MIAMI — Alec Asher will get a second chance to make a first impression on Thursday night.
The 24-year-old right-hander will become the 10th pitcher to start a game for the Phillies this season when he gets the ball in Washington against the NL East-leading Nationals.
Asher was one of five prospects that the Phillies acquired from Texas for Cole Hamels and Jake Diekman last summer.
Asher’s time in the Phillies organization hasn’t exactly been storybook. He came to the majors late last season and went 0-6 with a 9.31 ERA in seven starts. He was bruised for 42 hits and 30 runs in 29 innings.
Asher got off to an excellent start in the minors this season only to have his season ignominiously interrupted by a positive test for a performance-enhancing drug. That cost him 80 games. His suspension ended on Tuesday. The Phillies’ rotation has been thinned by injuries to Aaron Nola and Zach Eflin and the workload-based shutdown of Vince Velasquez. For Phillies officials looking to manage a 40-man roster, Asher became a convenient addition to the staff because he was already on the roster.
So Asher gets a second chance — on two levels.
“I’m looking forward to seeing him,” manager Pete Mackanin said.
Specifically, Mackanin is eager to see if the improvements that Asher made early in the minor-league season have made him a different pitcher than the one the Phillies saw late last season.
Asher opened this season with a 3.38 ERA in five starts at Double A Reading. He moved to Triple A Lehigh Valley and pitched brilliantly. He recorded a 1.53 ERA in five starts and gave up just 15 hits in 29 1/3 innings. He struck out 19 and walked just three over that span.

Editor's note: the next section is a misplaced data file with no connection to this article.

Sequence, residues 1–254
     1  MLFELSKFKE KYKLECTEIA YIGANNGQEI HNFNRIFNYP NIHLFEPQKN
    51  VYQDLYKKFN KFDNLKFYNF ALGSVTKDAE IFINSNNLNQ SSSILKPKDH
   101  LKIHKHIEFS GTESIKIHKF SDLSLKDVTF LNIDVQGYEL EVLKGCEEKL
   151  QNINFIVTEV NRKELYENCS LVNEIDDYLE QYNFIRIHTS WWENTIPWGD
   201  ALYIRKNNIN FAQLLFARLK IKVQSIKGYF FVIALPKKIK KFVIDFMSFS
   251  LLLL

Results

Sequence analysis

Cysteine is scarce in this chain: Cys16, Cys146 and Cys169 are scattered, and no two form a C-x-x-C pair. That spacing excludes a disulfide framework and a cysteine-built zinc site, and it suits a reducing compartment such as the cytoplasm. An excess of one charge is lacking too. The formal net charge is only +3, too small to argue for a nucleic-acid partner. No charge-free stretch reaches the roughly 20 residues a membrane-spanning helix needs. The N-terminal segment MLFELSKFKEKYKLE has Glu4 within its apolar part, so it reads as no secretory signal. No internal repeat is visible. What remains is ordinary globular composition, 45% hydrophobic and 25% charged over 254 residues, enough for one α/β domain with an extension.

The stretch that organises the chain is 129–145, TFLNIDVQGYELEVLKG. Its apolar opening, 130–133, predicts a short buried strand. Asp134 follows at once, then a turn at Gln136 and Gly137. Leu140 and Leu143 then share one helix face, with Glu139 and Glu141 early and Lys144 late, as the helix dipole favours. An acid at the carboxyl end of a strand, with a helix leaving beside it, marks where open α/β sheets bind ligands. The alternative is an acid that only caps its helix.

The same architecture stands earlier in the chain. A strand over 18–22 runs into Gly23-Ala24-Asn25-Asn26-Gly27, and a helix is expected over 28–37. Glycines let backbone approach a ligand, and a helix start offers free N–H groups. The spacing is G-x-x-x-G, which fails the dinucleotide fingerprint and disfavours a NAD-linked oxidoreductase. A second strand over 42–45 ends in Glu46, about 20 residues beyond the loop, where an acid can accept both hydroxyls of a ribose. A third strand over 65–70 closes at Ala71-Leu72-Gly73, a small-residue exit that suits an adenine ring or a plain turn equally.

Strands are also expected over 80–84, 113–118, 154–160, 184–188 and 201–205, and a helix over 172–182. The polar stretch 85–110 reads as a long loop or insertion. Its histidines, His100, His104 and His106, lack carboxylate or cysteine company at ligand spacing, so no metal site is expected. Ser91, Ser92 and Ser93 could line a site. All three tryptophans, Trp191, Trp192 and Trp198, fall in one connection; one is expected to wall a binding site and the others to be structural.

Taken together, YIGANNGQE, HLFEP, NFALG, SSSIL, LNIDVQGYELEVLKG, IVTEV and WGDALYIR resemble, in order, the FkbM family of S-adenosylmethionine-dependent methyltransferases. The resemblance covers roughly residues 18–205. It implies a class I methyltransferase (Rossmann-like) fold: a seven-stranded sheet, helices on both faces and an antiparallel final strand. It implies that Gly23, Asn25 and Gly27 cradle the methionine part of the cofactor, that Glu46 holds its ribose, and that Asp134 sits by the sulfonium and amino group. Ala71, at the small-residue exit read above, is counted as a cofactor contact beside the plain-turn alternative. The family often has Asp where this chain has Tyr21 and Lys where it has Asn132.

Asher’s improvement was credited to the addition of a two-seam fastball, or sinker. The movement on the pitch can result in ground balls and weaker, off-the-barrel contact — if thrown effectively.
“It’s interesting he didn’t have one before this year,” Mackanin said. “What we saw last year was a guy with a good arm but the fastball was straight. No life on his fastball. No movement. He needed to get something. I think we’ve all heard it enough that you can throw it as hard as you want, but if the ball is straight as an arrow, it’s not effective.”
Asher was able to pitch in the minor leagues over the last couple of weeks of his suspension. He pitched three times in the Gulf Coast League and once in Double A, so he’s stretched out. And he's got a fresh arm, something the Phils could use.
The Phillies will play a four-game series in Washington. Their first three starting pitchers — Asher, Jake Thompson and Jerad Eickhoff — all came over in the Hamels trade. A fourth player, catcher Jorge Alfaro, is expected to join the big club when Reading’s playoff run ends. Outfielder Nick Williams, another prospect in the deal, is currently playing in the International League playoffs.
The Phillies also acquired veteran pitcher Matt Harrison in the deal, but his career is likely over because of a back injury. Harrison is signed through next season at $13 million, but insurance will allow the Phils to recoup a significant portion of that salary.